Paternity Leave and CEO Worth

While it’s behind a paywall, there’s a very good Pando article about Mark Zuckerberg’s return from paternity leave. It touches on a lot of good points: it’s important that Zuckerberg took leave, is Zuckerberg getting ‘extra credit’ because he’s a man, and so on. But there was something else in the article that was very interesting (boldface mine):

Facebook is a large company with many managers. If the CEO stepping away for two months would have much impact at all, shareholders would have a far bigger key-man concern….

The fact that the company performed so well in a horrific year during that leave hopefully silences the lone critics who said it was irresponsible.

There’s no doubt Zuckerberg massively increased the wealth of Facebook (essentially starting from zero). But at this point, a significant amount of the wealth creation at Facebook is coming from many other people, yet Zuckerberg is still getting a lion’s share of the wealth the company generates. After all, he was basically gone, and the company didn’t just survive, it did very well.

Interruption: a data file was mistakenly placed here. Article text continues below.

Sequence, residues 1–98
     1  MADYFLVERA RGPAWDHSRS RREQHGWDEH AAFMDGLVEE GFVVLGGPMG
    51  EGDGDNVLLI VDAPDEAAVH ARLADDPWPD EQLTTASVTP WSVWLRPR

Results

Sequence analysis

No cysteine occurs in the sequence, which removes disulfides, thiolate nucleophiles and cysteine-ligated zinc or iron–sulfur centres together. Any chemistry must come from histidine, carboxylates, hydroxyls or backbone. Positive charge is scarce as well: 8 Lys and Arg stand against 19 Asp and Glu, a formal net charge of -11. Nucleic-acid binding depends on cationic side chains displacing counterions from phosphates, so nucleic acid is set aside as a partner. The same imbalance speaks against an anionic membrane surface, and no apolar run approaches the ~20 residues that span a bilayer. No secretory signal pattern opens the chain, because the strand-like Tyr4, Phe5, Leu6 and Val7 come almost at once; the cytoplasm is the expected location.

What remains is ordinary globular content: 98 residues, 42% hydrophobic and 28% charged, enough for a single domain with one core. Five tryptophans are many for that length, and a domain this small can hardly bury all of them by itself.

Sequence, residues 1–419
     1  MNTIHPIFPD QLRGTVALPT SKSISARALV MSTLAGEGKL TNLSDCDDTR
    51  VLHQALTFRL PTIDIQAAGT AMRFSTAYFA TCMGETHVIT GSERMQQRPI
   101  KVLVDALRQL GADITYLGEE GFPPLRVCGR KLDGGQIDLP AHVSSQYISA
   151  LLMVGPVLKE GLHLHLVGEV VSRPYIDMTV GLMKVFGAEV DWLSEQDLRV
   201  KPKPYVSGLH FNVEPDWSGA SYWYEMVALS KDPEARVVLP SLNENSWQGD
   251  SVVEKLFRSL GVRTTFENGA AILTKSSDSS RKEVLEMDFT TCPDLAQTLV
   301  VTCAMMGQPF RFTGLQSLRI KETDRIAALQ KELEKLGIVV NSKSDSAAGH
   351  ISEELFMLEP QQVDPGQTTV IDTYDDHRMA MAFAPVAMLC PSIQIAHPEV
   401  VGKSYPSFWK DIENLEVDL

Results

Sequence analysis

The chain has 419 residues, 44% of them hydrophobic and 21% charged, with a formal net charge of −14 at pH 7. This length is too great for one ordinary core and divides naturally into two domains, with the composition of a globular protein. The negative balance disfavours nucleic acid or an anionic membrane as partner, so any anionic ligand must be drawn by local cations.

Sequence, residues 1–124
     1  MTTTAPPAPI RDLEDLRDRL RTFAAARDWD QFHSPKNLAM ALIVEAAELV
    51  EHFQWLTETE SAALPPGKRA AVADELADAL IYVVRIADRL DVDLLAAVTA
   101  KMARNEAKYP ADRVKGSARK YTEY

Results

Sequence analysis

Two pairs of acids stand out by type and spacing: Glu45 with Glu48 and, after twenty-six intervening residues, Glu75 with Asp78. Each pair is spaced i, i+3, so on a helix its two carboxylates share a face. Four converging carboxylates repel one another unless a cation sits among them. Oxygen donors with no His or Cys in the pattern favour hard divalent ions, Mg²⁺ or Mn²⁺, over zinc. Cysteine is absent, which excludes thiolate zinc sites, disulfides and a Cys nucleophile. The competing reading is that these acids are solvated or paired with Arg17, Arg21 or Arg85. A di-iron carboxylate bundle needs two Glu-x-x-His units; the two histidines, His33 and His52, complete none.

In other words, much of his current wealth generation results from past work: to a considerable extent, he is currently getting paid for past performance. When people much farther down on the totem pole do the same thing–seniority rules–this is seen as a horrible thing. But for CEOs, not so much, I suppose.

This entry was posted in Economics. Bookmark the permalink.

1 Response to Paternity Leave and CEO Worth

  1. I agree most CEOs are overrated and overpaid, but Zuckerberg may not be a good example.

    AIUI, Zuckerberg’s wealth doesn’t primarily come from *managing* Facebook, it comes from *owning* it. I imagine he draws a large salary as CEO, but it’s secondary to his stock holdings, which are of course a reward for his past achievements in founding the company.

    The general strategic direction of Facebook probably didn’t change much in a couple of months. Zuckerberg could delegate routine decision-making, come back after nine weeks, and pick up where he left off. If he was away for longer (say, six months or a year), his absence might make more of a difference. (Then again it might not, we don’t know either way.)

Comments are closed.